Bank of England chief warns Britons not to ask for pay rises

Andrew Bailey also stood by bank's policy decisions amid highest inflation rates in 30 years

Governor of the Bank of England Andrew Bailey speaks before the Treasury Select Committee at the House of Commons in London. PA
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Bank of England Governor Andrew Bailey advised people, particularly those on higher incomes, not to ask for a pay rise this year, during a meeting with MPs at the Treasury Select Committee on Monday.

The bank chief, who was paid £575,000 ($708,000) in the latest financial year, said those earning higher salaries should “think and reflect” before asking for wage increases to avoid fuelling wider inflation.

“I spoke in an interview about this. I do think people, particularly people who are on higher earnings, should think and reflect on asking for high wage increases,” said Mr Bailey.

“It’s a societal question, but I am not preaching about this.

“I was asked if I have taken a pay rise myself this year and I said no, I had asked the bank not to give me one, because I felt that was the right thing for me personally.

“But everybody must make their own judgment on that.”

During the meeting with MPs, Mr Bailey also said there is “very real income shock” coming from energy prices and “apocalyptic” food prices but stood by the bank’s policy decisions.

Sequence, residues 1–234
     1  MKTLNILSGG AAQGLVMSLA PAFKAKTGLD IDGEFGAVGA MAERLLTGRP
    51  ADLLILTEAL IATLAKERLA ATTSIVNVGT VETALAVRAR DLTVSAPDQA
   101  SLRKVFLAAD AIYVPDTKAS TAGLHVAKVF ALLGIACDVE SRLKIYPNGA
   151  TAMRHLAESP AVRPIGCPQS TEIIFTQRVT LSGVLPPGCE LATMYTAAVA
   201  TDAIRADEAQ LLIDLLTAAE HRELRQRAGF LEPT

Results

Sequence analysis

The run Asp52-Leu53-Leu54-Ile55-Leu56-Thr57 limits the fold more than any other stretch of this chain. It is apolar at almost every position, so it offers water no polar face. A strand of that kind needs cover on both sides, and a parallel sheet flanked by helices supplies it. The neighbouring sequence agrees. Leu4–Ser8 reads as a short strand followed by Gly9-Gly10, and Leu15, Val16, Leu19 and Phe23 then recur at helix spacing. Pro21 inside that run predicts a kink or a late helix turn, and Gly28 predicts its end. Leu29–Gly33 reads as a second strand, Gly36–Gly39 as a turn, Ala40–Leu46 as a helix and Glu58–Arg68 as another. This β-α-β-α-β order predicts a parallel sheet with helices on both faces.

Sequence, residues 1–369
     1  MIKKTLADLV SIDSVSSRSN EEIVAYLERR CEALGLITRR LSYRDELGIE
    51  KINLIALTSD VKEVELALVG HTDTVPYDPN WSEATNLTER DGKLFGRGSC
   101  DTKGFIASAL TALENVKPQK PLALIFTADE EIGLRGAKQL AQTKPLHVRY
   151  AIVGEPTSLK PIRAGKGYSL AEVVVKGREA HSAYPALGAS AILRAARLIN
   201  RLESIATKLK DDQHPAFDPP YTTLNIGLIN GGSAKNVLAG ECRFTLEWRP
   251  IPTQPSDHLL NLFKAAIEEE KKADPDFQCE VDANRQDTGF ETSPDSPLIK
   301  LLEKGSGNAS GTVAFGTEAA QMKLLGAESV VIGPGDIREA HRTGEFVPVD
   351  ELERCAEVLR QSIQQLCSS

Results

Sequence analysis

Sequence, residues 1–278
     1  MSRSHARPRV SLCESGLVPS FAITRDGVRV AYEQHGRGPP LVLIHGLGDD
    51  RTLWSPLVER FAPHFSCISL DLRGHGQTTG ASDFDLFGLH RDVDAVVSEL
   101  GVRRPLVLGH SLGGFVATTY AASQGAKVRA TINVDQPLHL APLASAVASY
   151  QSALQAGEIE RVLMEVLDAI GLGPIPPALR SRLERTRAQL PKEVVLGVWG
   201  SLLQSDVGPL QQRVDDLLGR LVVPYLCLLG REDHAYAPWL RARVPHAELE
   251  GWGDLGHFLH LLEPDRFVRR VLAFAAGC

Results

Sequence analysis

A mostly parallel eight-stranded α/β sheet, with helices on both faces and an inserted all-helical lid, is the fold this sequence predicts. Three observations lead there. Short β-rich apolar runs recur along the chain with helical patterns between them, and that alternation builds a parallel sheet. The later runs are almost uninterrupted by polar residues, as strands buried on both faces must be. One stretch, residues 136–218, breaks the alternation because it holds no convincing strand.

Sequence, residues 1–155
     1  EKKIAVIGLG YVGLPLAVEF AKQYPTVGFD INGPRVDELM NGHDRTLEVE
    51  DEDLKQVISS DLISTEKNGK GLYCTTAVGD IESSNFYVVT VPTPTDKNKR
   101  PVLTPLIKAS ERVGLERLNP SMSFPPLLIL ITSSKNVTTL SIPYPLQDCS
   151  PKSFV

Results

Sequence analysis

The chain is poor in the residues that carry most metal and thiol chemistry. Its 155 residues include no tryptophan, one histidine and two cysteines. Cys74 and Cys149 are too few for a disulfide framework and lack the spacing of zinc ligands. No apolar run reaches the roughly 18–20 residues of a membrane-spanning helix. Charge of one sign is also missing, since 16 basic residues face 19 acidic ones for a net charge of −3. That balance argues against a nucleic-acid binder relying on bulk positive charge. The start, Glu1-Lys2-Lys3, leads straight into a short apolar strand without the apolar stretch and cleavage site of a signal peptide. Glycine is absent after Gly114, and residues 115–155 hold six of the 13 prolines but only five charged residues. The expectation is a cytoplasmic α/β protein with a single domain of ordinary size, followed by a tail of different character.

Mr Bailey said he felt “helpless” as he defended the Bank of England’s monetary policy despite households being battered by soaring inflation.

He also said that UK consumer demand will be affected by current inflation, which is the highest in 30 years, and this is expected to cause higher unemployment.

The Office for National Statistics recorded inflation at 7 per cent in March and is expected to soon unveil more than 8 per cent inflation registered last month.

The Bank of England has said inflation is likely to peak at 10.25 per cent during the final quarter of 2022.

“The main driver of inflation and what brings it down is the very big, real income shock which is coming from outside forces and particularly energy prices and global goods prices,” Mr Bailey told MPs.

“That will have an impact on domestic demand and it will dampen activity, and I’m afraid it looks like it will increase unemployment.”

He told the committee that “we are walking a very narrow path” between surging inflation and risks to growth.

The governor stressed that the war in Ukraine has resulted in an unpredictable jump in inflation, highlighting that there is still a “major worry” over further rises in food prices due to the conflict.

“The Ukrainian finance minister said is that there is food in store but they can’t get it out,” he told MPs.

“While he was optimistic about crop planting, as a major supplier of wheat and cooking oil, he said we have no way of shipping it out and that is getting worse.

“It is a major worry for this country and a major worry for the developing world.

“Sorry for being apocalyptic but that is a major concern.”

In March, UK food inflation increased by 5.9 per cent and is expected to accelerate in the coming months.

Michael Saunders, who sits on the bank’s monetary policy committee, said he believes tighter monetary policy would have done little to alter the current rate of inflation.

Mr Bailey also told MPs that he does not think the bank “could have done anything differently” to avoid sharp price rises.

“There have been a series of supply shocks, most recently with the impact of the war — Russia’s invasion of Ukraine,” he said.

“We can’t predict things like wars — that’s not in anybody’s power.”

Updated: May 16, 2022, 10:43 PM